Oxidative Stress & Glutathione & Broccoli Sprouts
Glutathione is our master antioxident and vital to reducing oxidative stress. Glutathione is one of the biomarkers that is low in autistic populations.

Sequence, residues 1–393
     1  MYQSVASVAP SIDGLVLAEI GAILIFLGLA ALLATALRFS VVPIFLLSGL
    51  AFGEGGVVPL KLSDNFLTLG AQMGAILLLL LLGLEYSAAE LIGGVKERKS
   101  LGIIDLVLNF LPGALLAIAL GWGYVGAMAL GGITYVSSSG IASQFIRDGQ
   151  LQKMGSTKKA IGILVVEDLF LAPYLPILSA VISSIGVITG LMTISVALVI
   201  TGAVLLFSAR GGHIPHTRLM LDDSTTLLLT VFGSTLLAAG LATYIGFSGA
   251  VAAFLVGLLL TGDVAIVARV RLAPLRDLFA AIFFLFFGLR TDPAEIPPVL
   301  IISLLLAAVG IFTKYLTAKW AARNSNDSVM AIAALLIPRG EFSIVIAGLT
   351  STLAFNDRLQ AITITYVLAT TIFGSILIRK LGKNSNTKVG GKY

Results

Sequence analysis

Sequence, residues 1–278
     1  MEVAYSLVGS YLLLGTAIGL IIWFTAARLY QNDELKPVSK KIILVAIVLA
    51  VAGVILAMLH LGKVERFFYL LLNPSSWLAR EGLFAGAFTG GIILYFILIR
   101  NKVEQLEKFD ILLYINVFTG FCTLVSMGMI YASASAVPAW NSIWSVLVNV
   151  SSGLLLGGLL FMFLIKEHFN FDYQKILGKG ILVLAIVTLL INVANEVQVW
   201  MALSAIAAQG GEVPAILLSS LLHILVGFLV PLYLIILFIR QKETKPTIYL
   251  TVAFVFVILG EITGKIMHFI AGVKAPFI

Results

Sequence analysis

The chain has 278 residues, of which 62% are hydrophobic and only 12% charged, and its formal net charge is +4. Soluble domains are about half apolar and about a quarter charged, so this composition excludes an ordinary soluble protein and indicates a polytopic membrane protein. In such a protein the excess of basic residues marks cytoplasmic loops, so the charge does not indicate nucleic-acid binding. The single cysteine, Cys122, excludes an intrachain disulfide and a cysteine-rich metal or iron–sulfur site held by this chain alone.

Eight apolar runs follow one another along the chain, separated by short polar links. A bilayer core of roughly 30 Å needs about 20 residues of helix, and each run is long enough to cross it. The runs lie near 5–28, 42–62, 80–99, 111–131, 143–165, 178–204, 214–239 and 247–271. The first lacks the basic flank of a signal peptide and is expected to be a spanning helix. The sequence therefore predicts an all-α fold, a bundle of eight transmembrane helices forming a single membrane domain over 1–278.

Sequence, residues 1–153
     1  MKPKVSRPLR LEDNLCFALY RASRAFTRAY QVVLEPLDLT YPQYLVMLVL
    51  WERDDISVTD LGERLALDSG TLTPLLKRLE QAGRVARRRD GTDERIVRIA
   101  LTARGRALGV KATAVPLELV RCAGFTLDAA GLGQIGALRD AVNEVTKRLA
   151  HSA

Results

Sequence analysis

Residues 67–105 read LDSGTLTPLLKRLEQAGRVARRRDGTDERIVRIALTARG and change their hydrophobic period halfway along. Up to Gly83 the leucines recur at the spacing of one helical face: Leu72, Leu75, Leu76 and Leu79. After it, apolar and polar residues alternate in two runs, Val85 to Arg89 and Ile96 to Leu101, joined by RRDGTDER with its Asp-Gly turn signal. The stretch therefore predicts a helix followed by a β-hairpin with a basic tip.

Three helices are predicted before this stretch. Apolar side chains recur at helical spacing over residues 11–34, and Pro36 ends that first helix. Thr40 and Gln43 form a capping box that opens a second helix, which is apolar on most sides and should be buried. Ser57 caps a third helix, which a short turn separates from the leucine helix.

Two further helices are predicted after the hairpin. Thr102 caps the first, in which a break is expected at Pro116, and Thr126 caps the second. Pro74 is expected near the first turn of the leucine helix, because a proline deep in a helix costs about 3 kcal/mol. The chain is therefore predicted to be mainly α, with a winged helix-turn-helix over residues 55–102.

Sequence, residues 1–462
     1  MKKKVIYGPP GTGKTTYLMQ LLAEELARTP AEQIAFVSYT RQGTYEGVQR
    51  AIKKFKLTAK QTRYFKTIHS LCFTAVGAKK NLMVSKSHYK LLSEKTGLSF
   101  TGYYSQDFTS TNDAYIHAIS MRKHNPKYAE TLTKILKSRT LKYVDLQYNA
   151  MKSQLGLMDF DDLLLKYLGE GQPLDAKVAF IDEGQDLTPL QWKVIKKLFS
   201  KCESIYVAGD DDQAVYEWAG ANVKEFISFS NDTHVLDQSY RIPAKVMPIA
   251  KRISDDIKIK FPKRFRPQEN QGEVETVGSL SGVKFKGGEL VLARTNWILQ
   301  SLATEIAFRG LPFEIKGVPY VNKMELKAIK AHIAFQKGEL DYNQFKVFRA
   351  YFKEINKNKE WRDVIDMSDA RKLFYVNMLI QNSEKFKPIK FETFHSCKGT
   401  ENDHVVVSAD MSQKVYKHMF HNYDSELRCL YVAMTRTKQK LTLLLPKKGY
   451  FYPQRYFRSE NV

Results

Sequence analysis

“Glutathione is a sulfur-containing molecule composed of three amino acids, or building blocks of proteins: cysteine, glycine, and glutamic acid. It is a naturally-occurring molecule within cells that participates in the liver’s detoxification of many compounds, such as products from cigarette smoke, alcohol, and overdoses of aspirin and acetaminophen (Tylenol). Glutathione is part of a system of enzymes within all cells that reduce oxidative damage, such as that due to radiation, and it is involved in production of fatty acids1. It also facilitates the development and function of a variety of immune cells2. Glutathione was first proposed in autism when signs of oxidative stress in the children’s peripheral blood were documented3, 4. Glutathione also “donates” sulfur groups in chemical reactions through its cysteine component, and was suggested for use in autism due to inferred deficiency in sulfur availability4. Glutathione is not well absorbed when taken by mouth, and oral doses do not raise blood or tissue levels of glutathione. The fragile structure of glutathione cannot survive the gastrointestinal tract. When it is broken down, glutathione releases its component amino acids, two of which are excitatory (glutamate and cysteine) in the nervous system. The body’s cells must generate their own intracellular glutathione for it to be effective over the long term, and glutathione must be in its reduced form to be active within cells. The unreduced form is not metabolically active. Manufacturers do not indicate if their product is reduced. Reduced glutathione is also very expensive compared to the unreduced form.”